I’ve always wanted to visit Appalachia, and when I found out that we were within spittin’ distance to the Floyd Country Store music venue in Virginia, it was a given we’d make it to their legendary Friday Night Jamboree.
And what a lucky night for us; we were graced with the presence of the governor of Virginia, Tim Kaine, and the past governor Mark Warner. They were there campaigning for local Dems, but they weren’t there just to give stump speeches; they actually play banjo, harmonica and guitar, and joined in with Blacksburg’s own Jugbusters!
I used to think bluegrass music was the dorkiest, most white bread music around. In high school, my friend Renee and her parents were big fans of old time country, and I could never understand why.But like coffee and booze, for me, it became one of those tastes I acquired in adulthood. It started growing on me when my friend Don Wolski was hosting the Bayside Hayride, on KHSU in Arcata, CA. Shortly thereafter, I caught the Compost Mountain Boys live at Humboldt State University. Then, the O’ Brother Where Art Thou? movie came out. Once I heard the O’ Brother Soundtrack, I was hooked.
Getting to The Floyd Store was like arriving at the center of the bluegrass universe. It’s one stop of many of Virginia’s Heritage Music Trail, the Crooked Road. This road connects major music venues, art galleries and small artsy towns throughout southwest Viriginia.
At the Friday Night Jam, for just $3 you get to see the rising stars of the region. But leave your booze laden, foul mouth at home; Floyd’s operates on Grannie Rules: No Smokin, No Drinkin, No Spittin and No Cussin.
The locals filed in about an hour before starting time. These regulars knew the routine, even brining their own chair cushions. As they walked in, their tap shoes clanked against the hardwood floor.
The diversity of people coming to hear the music was beautiful. Gray haired grannies, longhaired Rebels, old married couples, kids, teens, farmers, cowboys and a variety of folks who look like they just might have left their unplumbed chicken shack in the woods for a few days. We all had something in common; a true love of the music.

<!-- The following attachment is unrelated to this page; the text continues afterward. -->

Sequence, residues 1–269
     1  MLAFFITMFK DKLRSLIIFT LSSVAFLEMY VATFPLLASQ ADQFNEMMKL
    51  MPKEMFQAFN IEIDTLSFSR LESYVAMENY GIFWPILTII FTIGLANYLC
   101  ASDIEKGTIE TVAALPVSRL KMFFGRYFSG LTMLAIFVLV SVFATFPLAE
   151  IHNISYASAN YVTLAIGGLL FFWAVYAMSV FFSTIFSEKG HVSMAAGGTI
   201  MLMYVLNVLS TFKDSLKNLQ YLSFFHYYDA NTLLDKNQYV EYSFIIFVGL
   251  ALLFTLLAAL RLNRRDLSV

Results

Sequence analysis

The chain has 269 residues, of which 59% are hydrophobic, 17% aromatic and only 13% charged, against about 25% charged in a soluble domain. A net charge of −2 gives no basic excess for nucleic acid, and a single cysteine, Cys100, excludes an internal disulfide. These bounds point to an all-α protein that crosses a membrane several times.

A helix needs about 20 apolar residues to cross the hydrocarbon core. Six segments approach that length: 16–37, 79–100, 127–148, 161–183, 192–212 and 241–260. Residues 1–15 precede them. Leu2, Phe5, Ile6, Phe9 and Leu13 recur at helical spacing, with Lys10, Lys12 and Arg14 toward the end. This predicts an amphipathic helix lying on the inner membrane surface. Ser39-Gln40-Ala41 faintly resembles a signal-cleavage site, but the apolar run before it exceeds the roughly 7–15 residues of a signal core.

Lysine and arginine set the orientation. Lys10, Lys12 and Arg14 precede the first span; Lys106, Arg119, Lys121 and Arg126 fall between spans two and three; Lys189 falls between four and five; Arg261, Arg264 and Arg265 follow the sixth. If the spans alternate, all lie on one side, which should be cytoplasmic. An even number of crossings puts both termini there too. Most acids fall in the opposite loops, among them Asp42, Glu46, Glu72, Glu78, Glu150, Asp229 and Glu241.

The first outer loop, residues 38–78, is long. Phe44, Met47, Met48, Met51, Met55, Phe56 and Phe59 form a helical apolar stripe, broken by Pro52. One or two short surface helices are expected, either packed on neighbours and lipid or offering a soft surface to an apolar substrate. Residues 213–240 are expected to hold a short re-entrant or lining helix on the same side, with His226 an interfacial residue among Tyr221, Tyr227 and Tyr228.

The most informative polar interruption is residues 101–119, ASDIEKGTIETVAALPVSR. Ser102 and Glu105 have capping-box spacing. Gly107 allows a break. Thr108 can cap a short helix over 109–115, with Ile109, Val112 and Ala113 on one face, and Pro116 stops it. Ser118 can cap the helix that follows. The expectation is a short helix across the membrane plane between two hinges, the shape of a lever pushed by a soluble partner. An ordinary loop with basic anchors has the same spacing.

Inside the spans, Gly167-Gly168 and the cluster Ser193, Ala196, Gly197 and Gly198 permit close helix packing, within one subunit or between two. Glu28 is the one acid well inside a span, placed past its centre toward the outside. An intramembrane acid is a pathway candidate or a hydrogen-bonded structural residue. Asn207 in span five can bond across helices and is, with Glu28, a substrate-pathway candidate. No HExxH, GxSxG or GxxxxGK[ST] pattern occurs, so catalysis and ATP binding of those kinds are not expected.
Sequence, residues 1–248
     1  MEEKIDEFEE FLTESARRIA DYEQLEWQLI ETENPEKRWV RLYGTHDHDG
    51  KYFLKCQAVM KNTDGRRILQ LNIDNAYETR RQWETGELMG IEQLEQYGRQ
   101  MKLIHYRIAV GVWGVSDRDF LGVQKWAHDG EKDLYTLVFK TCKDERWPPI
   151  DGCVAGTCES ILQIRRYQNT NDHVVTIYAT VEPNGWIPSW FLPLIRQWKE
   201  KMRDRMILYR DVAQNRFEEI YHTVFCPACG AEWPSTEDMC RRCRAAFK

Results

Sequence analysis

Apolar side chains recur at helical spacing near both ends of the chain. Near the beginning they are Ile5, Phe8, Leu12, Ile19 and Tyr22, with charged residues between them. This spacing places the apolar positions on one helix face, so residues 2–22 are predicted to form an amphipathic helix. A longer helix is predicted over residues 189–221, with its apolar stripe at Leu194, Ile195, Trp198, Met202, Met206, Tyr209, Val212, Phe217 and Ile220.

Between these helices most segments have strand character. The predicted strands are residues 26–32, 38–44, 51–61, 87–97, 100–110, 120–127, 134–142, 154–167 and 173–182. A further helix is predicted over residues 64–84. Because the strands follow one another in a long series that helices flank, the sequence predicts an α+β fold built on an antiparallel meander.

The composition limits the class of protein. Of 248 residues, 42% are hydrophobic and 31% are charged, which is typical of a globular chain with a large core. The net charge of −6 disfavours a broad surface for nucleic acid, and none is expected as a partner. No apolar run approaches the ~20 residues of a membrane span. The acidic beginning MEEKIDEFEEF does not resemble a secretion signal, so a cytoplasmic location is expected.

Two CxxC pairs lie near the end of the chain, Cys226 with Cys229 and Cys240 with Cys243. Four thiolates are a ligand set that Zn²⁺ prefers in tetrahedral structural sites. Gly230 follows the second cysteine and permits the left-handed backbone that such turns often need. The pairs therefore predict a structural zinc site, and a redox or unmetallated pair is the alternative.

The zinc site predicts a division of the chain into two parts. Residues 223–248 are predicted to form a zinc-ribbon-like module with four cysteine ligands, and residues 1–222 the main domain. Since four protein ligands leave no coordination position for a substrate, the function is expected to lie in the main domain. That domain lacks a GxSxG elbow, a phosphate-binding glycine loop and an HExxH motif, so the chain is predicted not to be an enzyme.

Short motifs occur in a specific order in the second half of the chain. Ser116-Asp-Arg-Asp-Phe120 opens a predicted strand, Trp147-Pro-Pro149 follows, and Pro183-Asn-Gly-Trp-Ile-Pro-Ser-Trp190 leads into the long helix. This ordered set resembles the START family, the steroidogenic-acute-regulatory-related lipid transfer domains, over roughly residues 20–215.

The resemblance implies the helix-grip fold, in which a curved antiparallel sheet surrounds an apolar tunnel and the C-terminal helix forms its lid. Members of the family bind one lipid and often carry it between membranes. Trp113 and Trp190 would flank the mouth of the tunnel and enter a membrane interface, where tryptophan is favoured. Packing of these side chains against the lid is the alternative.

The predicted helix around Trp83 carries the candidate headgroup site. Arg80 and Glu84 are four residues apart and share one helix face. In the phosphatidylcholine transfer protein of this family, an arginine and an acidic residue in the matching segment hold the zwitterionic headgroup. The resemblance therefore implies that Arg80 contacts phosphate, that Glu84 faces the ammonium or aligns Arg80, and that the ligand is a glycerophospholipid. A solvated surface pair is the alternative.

Sara and Adam Brinson of Chapel Hill, North Carolina, had just gotten hitched! They were on their honeymoon. Good Luck Sara and Adam!
The show always begins with a prayer, and a gospel act. Tonight, in between sets, Floyd’s owner introduced the founder of the Crooked Road, who’s name we didn’t catch.
The Jugbusters, were just starting to get things moving, when they got interrupted by a swarming group of Virginia politicians, media and hangers ons. They worked their way up the aisles, shaking hands all the way to the front. as the music was playing.
Not being familiar with Virginia politics, we had no idea who was who, but we shook these Very Important Guy’s hands anyways, being thrilled at the chance to meet a governor up close and personal. I told Warner that he kicks butt over my own state’s governator, and he replied with “That’s an easy thing to do.”
Back at the rig, I learned that both Warner and Kaine are decent Democrats who have been instrumental in improving Virginia’s economy and rural areas, are advocates for smart growth and defenders of the environment. Kaine is rumored to be Obama’s pick for the Vice Presidency in ’08. Huh? I thought Virginia was a red state?
Once the politicos left, things got back to normal, and the locals tore up the dance floor. Even Jim danced with me, a somewhat rare occasion. A reporter later asked Jim whether hi believed it was right for the politicians to come. Jim said it was fine that they cam, but the show should not have stopped for them in the middle of a set.
That whole clogging dance routine is a kick! I loved smacking my hard soled cowgirl boots down on the floor. Friday night at Floyd’s was the best time I’d ever had while stone cold sober. Someday I’d love to go back, only next time, I’ll be sure to wear my taps.